You may not recognize Mark Ronson, but you’d definitely recognize at least one of the countless hits he’s worked on in the past 10 years. He began as a socialite DJ back in the ’90s, a New York cool kid who went from spinning at hip-hop clubs to high-fashion parties. Born in London in 1975, Ronson moved to NYC in the early ’80s, and his catalog celebrates the city that was rebuilding itself from ruins, inspired by disco and hip-hop.
Ronson got involved with the music industry at a very early age, interning at Rolling Stone when he was just 12 years old. He was around a lot of instruments and music equipment as a kid since his mother Ann Dexter-Jones married Foreigner’s Mick Jones after divorcing real estate mogul Laurence Ronson. As a boy, Ronson was nicknamed “the sponge” because of his eagerness to learn about all kinds of music. It’s this insatiable thirst that has allowed him to evolve from one album to the next, releasing music under his own name while rarely actually singing on anything.
As a young music nerd in love with hip-hop and the science of sampling, Ronson pursued music behind the scenes after attempting to go to college. He’s worked with rappers ranging from Q-Tip to Nate Dogg to Sean Paul and some of recent memory’s most iconic vocalists, including Amy Winehouse, Adele, and Lady Gaga. Throughout his career, Ronson has proved to be a master mold-maker, casting his collaborators to suit his vision. He draws inspiration from the past, particularly the eclectic musical landscape of 1970s New York. But his historical reverence isn’t limited to just one decade; “Electricity,” his and Diplo’s recent Silk City single with Dua Lipa, looks back at the summer ’03 blackout with rose-colored glasses.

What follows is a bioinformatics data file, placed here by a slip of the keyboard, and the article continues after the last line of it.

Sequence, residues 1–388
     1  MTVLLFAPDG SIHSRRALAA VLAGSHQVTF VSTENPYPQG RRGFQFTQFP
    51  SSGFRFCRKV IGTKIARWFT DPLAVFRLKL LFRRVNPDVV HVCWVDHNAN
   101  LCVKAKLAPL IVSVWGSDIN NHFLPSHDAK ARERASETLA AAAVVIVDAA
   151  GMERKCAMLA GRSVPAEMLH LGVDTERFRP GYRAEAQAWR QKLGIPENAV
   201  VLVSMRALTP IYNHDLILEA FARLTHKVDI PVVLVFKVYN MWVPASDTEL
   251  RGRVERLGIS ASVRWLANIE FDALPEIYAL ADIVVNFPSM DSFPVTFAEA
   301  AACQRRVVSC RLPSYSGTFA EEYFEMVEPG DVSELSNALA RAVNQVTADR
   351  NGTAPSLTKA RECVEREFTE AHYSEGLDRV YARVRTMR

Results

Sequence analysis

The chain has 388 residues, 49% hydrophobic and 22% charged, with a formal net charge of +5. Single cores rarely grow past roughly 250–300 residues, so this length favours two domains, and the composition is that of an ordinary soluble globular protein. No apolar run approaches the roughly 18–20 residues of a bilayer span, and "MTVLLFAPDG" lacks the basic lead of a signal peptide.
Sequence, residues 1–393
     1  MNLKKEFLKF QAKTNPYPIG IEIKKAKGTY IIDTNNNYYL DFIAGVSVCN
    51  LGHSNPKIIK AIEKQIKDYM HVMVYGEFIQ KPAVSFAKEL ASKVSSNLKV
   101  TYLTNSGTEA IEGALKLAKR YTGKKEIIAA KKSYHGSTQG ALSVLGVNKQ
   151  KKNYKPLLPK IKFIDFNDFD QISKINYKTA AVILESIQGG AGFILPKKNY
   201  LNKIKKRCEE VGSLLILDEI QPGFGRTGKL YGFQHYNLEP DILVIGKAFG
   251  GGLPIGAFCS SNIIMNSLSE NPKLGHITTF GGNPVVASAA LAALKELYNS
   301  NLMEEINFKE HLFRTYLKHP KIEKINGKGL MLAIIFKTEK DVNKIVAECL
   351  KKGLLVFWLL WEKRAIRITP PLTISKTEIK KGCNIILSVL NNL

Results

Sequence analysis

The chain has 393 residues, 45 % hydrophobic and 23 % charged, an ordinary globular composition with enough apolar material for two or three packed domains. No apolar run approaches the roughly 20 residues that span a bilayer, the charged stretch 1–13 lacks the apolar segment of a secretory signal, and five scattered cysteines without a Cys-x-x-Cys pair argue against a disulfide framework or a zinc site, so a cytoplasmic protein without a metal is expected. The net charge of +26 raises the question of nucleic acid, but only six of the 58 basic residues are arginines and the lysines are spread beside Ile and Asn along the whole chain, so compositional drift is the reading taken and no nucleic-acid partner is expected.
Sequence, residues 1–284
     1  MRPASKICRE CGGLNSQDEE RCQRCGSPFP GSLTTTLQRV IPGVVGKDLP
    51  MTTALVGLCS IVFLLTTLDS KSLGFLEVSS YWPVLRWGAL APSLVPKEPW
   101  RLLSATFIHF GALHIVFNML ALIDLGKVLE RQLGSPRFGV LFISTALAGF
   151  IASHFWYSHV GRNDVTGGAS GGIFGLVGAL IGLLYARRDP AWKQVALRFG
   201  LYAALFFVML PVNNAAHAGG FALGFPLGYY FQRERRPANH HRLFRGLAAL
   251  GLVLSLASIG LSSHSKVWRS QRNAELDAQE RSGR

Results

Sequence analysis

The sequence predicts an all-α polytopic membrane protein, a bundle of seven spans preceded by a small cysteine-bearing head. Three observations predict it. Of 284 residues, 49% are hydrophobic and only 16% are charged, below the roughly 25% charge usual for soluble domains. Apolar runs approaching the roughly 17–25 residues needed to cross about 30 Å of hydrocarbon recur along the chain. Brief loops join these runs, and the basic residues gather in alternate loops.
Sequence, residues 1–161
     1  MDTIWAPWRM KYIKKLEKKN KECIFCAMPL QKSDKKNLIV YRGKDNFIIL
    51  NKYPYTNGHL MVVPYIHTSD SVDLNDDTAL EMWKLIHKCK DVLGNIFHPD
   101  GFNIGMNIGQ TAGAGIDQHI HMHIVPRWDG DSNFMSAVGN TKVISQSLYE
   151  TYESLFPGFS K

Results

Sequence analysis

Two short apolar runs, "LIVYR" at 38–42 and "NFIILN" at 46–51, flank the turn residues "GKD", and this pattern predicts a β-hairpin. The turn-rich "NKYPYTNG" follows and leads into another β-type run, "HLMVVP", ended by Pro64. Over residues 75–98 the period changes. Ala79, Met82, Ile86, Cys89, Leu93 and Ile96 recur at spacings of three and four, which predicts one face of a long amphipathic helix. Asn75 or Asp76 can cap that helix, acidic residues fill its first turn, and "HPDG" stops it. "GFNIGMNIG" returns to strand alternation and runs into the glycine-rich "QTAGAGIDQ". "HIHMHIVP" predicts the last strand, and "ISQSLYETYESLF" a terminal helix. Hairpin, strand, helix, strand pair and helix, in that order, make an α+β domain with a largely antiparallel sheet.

Ronson broke out working with then-unknown artists like Allen and Winehouse, and he continues to produce music for emerging talent today with the likes of Brooklyn’s witty, sensual singer King Princess and Arkansas’ affecting gospel singer YEBBA. It seems as though his work with these artists is a bargain deal; after he helps them with their albums they contribute their voices to his.